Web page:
Back to D&D

A bit long, sorry. To get to my actual question, please skip to the 3rd paragraph following…

1st edition AD&D was my introduction to gaming. I played and DMed for a couple of years. I also ran Call of Cthulhu (original box set). After that, I played and GMed a number of games over the years…Rolemaster, Palladium, HarnMaster, Torg, Dark Conspiracy, CORPS, a bit of GURPS and Warhammer, and a number of others. But not D&D after the first couple of years. AD&D 2nd edition lost my interest and none of the succeeding ones regained it. I tried a brief game with 4th edition, but it was too crunchy. Lately, I’ve been able to get back into GMing with Shadows Over Sol, Shadows of Esteren, and Genesys.

After getting interested in Critical Role, I realized that 5th edition didn’t sound nearly as convoluted as my experience with 4th edition had been. So, I picked up the Player’s Handbook…and I see that they’ve addressed most of the issues I’ve had with the game over the years. Not as complex, some interesting mechanics, additional options for the classes. I’m interested.

I’ll be restarting my fantasy campaign in a few weeks, and I’ve made the decision to switch the mechanics over to 5e. As someone with a lot of experience in running games, but who’s experience with D&D is out-of-date, what particular issues should I watch out for? Is there any particular advice that you think would be helpful?

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  • Take your time
  • Look up spells as a lot has changed in them over the years (my crew was shocked to realize that the 5e fireball was only 20’ and not 30’),
  • Have the first combat be methodical and “plain”/standard so everyone can get the idea of how it works
  • Have a couple of skill checks so folks get used to it, grant Inspiration for good ideas, and be sure that folks get the Advantage/Disadvantage d20 mechanic set by the end of the session.

Seriously though, take your time. It’s not a race to mastery for you or the group.

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  • Believe me, I’ll be checking the spells.

  • The advantage/disadvantage mechanic is a very nice addition, and one of the main things that prompted me to pick D&D up again. (Although it uses cards, Shadows Over Sol has a similar mechanic.)

  • Inspiration…good call. That’s one I’m not familiar with, and I’m not sure I’ve seen it used in Critical Role (my only exposure to 5e actually being run.)

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I always suggest DMs tell their players “If you don’t use Inspiration, I can’t award more”. It can get them out of the more reserved side of playing their characters and take chances.

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Honestly, I’d never heard of Inspiration. I vaguely remember it being mentioned in my PHB read-through, but I don’t recall any particular emphasis on it. Obviously, something I need to re-read…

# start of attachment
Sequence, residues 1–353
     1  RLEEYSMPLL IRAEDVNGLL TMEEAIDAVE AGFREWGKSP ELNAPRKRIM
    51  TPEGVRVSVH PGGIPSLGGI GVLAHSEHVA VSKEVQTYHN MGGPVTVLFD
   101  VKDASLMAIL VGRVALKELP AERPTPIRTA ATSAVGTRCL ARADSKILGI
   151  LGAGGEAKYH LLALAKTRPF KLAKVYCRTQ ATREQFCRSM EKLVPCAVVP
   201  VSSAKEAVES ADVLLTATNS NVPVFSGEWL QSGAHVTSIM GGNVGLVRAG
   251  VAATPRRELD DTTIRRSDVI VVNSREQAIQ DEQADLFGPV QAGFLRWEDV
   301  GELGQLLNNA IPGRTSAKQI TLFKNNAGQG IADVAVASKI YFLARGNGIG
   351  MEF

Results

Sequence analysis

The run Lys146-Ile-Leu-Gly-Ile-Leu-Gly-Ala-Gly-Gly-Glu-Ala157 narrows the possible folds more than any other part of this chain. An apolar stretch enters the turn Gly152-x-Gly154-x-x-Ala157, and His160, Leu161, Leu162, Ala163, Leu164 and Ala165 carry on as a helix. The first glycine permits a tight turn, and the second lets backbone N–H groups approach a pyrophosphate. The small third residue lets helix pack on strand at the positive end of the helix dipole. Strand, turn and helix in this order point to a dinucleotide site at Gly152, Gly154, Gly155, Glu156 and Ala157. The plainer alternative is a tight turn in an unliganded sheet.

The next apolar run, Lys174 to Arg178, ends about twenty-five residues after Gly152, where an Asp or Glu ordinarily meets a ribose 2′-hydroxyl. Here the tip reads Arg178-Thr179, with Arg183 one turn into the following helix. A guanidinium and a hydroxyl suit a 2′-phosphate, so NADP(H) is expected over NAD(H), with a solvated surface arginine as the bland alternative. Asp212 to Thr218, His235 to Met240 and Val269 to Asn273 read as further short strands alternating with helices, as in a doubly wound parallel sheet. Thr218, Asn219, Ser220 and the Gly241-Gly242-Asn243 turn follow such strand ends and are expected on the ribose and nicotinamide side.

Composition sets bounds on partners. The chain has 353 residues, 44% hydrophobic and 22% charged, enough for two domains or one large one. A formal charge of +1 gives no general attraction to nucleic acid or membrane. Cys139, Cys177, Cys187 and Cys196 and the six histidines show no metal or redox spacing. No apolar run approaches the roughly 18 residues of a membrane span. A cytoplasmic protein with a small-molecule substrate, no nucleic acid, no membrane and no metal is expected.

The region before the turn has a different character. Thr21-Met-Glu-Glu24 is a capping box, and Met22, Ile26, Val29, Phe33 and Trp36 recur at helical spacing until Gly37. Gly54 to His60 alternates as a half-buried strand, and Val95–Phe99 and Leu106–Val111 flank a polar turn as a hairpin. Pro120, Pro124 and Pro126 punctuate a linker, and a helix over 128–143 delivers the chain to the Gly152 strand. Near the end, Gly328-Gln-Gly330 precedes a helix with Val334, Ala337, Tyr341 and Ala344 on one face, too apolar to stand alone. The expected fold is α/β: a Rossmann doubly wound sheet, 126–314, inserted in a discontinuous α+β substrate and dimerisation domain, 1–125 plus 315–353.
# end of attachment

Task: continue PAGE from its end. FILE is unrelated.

Inspiration allows you to change a regular roll to one with Advantage, or a disadvantage to a regular roll.

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  • Concentration spells are great for making life less complicated, but make sure everyone understands how they work
  • Keep an eye on the casting time for spells; a lot of them may end up being bonus action spells, or rituals, instead of standard actions
  • Accidentally take a marker to Counterspell and black it out :wink:
  • 5e doesn’t assume you have magic items, so don’t worry about handing them out too early
  • At low level, advantage can be deadly, so be careful about things like wolves that have pack tactics
  • If you make inspiration a pool that maxes out at 1 inspiration per player, instead of on or off for each player, it flows a lot better
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5E is a really good game but I do have one suggestion.

While planning your campaign, I suggest you avoid going too far above level 10. Like many d20 games, the system has problems above level 10-12 and kind of falls apart. Having completed four D&D 5E campaigns (Ghosts of Dragonspear Castle, Curse of Strad, a Diablo 3 adaptation, and Tomb of Annihilation), my group has decided it is just too difficult to challenge the PCs above level 10. For us, it took a lot of the fun out of the game. We were in the part of the story where we should be facing the greatest challenges and the DM (myself for two of those and my buddy for the other two) had to break the system to really do that on a consistent basis.

But up to level 10-12, it plays just fine.

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Good show topic, Akodoken. When’s the last time the boys tackled High Level Play?

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It’s been quite a while so this would be a good topic to bring back around

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The rule that tics me off most is the broken, “bonus action.” In an action economy game, the min maxing of that rule can get out of hand. When, who and how it’s used is muddled and easily abused.

This is followed closely with the Mobility feat. As is expected not all feats are balanced. Mobility is one I particularly hate. It can be very irritating if you do not have it. You will be chasing all the characters that do, always. If I run 5th edition ever again, it will be removed from the game. It’s another rule that takes advantage of the “bonus action” too. Unfortunately, bonus actions are too engrained into the system to be remove easily.

This said, 5th edition is my favorite version of D&D! Have fun! I really do like it, regardless of my negative tone above.

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My buddy who DMed the other two 5e campaigns also removed mobility from the game. He also discourages but hasn’t outright banned monks. And monks + mobility can be game breaking.